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Measuring embedded generation opportunities for municipalities

In recent years, there has been an increasing interest in small-scale embedded generation (SSEG) technology in South Africa. This interest is due to the increasing price of grid-tied electricity as well as decreasing costs in SSEG systems.

As WINDABA concluded on 09 October, industry experts deliberated about the opportunities embedded generation present for municipalities in light of the new regulation declared by the Department of Energy in Q3 2019.

In May, former minister of energy Jeff Radebe gave the National Energy Regulator of South Africa (NERSA) leave to licence 500MW for SSEG projects, sized between 1MW and 10MW, without him needing to sign it off.

Responding to a question on whether municipalities are ready to be off-takers for Independent Power Producers (IPPs), Nhlanhla Ngidi, head of energy and electricity at the South African Local Government Association (SALGA), said metros and secondary cities are ready to be offtakers of IPPs.

He said the City of Cape Town is an example of a metro that has demonstrated this readiness.

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However, Ngidi noted that the issue would be around balancing the tariffs between baseload power and intermittent power supplied by IPPs.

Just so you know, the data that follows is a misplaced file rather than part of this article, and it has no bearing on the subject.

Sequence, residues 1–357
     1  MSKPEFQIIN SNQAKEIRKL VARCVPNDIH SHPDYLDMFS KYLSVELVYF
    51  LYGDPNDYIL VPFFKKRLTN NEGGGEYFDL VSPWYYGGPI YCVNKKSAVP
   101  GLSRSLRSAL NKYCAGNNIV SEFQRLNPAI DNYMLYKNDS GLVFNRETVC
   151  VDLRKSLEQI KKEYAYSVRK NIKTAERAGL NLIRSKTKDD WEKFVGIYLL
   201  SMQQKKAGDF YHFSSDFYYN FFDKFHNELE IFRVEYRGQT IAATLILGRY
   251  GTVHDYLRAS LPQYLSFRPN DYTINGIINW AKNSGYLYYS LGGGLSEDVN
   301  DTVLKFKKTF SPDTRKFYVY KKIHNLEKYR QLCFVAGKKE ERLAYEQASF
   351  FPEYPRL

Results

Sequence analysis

Regulatory environment

The SALGA official also raised a regulation dilemma relating to political stability, which affects how municipalities are governed.

He said in most cases a certain municipality would be governed by one political party for a period of five years and for another five years a diffirent political party might take over.

This change in governance often has a direct impact on the Power Purchase Agreements that municipalities would be signing with IPPs.

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In terms of bankability, the moderator of the session asked about the likelihood of IPPs signing PPAs with municipalities.

Dr Kilian Hagemann, managing director of G7 Renewable Energies, said: “It is very challenging to have a bankable PPA with municipalities.

“The challenge starts from the regulatory environment. You find that the municipality has a hard time to commit to a 20-year term contract or even 10 years because of the municipal finance management act and also they need to follow processes to get Treasury approval.”

Another point Hagemann noted is the question of creditworthiness of municipalities.

In conclusion, an audience member questioned the panel on how the grid is going to be balanced when the injection of embedded generation increases power supply.

A representative from Nersa responded to the question by pointing out that embedded generation would assist the national power utility, Eskom, to avoid loadshedding stage 1.

Stage 1 rotational loadshedding requires 1,000MW to be loadshed nation-wide.

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Babalwa Bungane
Babalwa Bungane is the content producer for ESI Africa - Clarion Events Africa. Babalwa has been writing for the publication for over five years. She also contributes to sister publications; Smart Energy International and Power Engineering International. Babalwa is a social media enthusiast.